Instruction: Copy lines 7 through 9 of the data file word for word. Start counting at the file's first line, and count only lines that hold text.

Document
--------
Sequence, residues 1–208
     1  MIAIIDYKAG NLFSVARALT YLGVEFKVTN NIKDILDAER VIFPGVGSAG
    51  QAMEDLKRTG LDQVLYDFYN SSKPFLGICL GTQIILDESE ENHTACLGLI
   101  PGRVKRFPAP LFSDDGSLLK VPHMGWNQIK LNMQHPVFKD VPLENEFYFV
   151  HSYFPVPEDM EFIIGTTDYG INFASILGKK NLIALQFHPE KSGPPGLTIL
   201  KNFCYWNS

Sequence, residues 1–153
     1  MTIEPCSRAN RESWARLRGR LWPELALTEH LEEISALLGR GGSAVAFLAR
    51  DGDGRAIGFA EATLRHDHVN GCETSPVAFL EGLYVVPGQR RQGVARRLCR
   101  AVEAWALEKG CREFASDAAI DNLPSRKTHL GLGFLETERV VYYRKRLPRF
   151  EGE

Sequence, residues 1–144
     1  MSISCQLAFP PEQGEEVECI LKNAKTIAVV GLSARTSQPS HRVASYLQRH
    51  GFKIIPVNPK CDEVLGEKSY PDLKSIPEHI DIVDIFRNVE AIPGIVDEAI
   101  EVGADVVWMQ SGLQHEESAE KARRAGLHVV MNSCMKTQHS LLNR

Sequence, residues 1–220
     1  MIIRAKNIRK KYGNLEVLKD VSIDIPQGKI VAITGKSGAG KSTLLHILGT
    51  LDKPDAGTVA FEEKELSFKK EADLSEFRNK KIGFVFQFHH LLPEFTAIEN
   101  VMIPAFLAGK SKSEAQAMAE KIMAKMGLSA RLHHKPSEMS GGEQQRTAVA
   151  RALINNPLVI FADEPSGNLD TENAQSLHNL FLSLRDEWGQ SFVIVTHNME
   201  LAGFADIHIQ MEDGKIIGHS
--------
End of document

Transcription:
Sequence, residues 1–153
     1  MTIEPCSRAN RESWARLRGR LWPELALTEH LEEISALLGR GGSAVAFLAR
    51  DGDGRAIGFA EATLRHDHVN GCETSPVAFL EGLYVVPGQR RQGVARRLCR